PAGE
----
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Awesome Polynomials for Mathematics Competitions

Titu Andreescu, Navid Safaei, and Alessandro Ventullo
XYZ Press
Publication Date: 
Number of Pages: 
Problem Book
[Reviewed by
Andrzej Sokolowski
, on
The book Awesome Polynomials for Mathematics Competitions by T. Andreescu, N. Safaei, and A. Ventullo aims to be a source of problems on polynomial functions for advanced mathematical competitions. It comprises eight chapters and offers about three hundred problems with detailed solutions. The volume merges the concepts of algebra and the authors' teaching experience; therefore, it can serve not only mathematics competitions but also support the teaching of mathematics at any level. Furthermore, frequent references to mathematical Olympiads from countries such as Italy, Bulgaria, Poland, the USA, and South Korea stand for a high quality of the book content.
Among traditional operations on polynomials, the book introduces reciprocal polynomial functions and offers unconventional approaches to finding their roots. Complex numbers and their support for expressing the solutions of polynomial equations concisely and trigonometric representations of complex numbers and the De Moivre theorem make the book content applicable to advanced precalculus courses. A subsequent part of the book is dedicated to finding algebraic expressions for polynomial functions given by various conditions; for example, by using symmetry, the First and the Second Uniqueness Lemma, or an infinite sequence of roots.
The book encompasses numerous mathematical ideas that polynomial functions can engage in, and as such, it generates exciting yet intellectually challenging and rewarding algebraic thought processes. However, two suggestions emerged that could perhaps be considered for the future reference:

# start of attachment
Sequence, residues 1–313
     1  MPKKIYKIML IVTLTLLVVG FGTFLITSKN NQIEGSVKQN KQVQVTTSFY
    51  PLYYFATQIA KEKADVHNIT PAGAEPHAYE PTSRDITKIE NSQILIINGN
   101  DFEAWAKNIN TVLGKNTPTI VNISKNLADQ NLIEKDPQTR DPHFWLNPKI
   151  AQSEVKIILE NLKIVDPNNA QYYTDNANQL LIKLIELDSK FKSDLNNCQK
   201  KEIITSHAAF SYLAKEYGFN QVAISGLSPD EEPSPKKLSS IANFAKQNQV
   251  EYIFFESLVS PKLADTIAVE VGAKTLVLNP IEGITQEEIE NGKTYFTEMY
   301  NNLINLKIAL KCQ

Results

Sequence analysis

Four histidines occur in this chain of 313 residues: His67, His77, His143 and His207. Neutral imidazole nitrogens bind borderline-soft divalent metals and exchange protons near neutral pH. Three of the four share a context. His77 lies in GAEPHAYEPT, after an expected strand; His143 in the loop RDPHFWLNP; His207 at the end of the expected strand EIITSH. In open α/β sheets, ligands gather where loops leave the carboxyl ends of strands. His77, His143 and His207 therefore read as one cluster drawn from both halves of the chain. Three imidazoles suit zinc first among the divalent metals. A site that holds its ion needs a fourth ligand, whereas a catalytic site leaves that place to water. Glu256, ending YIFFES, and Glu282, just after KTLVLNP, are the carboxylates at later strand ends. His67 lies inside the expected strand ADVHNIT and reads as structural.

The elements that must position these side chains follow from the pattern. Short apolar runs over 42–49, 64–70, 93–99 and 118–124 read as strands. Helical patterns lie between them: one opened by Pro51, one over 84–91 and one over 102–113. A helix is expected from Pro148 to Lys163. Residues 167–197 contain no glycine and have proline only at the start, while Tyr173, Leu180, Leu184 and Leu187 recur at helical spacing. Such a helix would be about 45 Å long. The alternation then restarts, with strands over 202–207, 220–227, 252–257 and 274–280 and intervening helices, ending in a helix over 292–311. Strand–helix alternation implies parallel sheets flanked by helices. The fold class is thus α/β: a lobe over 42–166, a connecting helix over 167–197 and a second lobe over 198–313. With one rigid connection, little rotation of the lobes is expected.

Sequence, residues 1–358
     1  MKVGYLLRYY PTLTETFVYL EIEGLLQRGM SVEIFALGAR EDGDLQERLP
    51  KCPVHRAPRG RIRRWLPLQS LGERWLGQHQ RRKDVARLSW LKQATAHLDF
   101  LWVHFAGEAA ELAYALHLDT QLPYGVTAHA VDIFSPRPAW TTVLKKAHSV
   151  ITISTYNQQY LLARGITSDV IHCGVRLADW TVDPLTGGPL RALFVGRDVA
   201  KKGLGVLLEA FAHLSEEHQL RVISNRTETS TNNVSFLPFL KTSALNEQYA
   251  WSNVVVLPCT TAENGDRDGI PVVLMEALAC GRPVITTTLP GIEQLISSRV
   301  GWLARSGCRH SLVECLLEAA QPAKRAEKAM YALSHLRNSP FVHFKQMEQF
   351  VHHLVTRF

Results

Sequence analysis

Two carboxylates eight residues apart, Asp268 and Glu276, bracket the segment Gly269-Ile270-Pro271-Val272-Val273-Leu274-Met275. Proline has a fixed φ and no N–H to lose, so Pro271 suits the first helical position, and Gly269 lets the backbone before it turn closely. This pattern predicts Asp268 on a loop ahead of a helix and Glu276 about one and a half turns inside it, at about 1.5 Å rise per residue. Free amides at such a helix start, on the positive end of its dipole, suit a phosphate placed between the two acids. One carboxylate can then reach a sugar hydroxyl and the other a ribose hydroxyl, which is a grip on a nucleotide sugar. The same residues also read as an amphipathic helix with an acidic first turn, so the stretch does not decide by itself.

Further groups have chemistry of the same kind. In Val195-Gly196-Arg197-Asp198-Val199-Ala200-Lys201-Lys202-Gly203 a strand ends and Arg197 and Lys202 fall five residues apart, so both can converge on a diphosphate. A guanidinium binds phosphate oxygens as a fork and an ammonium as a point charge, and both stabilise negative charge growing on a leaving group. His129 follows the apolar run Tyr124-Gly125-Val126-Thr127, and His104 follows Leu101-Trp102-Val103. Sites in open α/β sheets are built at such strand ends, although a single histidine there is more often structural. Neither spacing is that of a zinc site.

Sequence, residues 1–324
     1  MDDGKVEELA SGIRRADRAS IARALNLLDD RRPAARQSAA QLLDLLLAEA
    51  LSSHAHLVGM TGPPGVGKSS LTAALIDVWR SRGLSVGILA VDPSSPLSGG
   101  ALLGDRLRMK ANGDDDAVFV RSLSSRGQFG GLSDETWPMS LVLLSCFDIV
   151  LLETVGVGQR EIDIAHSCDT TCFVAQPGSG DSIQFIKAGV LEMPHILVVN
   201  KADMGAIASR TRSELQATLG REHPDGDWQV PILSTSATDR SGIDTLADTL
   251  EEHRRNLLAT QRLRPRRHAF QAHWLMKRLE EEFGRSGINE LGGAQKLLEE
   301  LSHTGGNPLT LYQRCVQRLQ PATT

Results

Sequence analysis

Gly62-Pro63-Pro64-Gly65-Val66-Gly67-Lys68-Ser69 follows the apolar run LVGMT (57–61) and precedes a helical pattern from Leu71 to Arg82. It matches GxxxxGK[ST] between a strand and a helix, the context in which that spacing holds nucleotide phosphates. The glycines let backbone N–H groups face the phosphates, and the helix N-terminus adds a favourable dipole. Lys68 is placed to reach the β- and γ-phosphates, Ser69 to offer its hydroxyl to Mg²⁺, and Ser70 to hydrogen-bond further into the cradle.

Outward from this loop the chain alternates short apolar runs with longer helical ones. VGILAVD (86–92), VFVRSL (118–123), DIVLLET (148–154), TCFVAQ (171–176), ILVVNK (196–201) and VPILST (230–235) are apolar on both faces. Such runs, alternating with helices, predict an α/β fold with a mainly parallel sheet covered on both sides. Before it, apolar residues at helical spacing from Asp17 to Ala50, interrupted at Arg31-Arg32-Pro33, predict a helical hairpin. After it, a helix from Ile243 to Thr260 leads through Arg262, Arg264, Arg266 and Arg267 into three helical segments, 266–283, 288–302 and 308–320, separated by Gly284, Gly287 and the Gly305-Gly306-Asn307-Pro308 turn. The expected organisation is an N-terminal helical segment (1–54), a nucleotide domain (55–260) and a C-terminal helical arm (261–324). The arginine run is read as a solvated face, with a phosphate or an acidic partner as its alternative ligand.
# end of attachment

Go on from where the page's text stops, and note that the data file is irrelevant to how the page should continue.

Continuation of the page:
• The authors did not offer supporting visual (graphical) representations of the abstract ideas. While including graphs is unnecessary, it is seen that including such could attract readers who do not necessarily consider mathematics as a major area of study.
  • While the solutions to suggested problems are mathematically rigorous and detailed, there seems to be a need for sample problems that would provide opportunities for exploring the problems' complexity and prompting the readers to create solutions that, while being mathematically sound, are creative.
As the book has the potential to be expanded to other volumes, including such methods of presenting or solving the problems would perhaps make the book attractive to a broader audience. Even in the current form, the volume can serve as a source not only for math competitions but can enhance any undergraduate and graduate math courses that deal with the analysis of polynomial functions. A continuation of the book series is anticipated, and I am sure it will be very much appreciated.


Andrzej Sokolowski, Ph.D., authored several books and research papers on developing students' mathematical reasoning and integrating this reasoning to improve their understanding of science.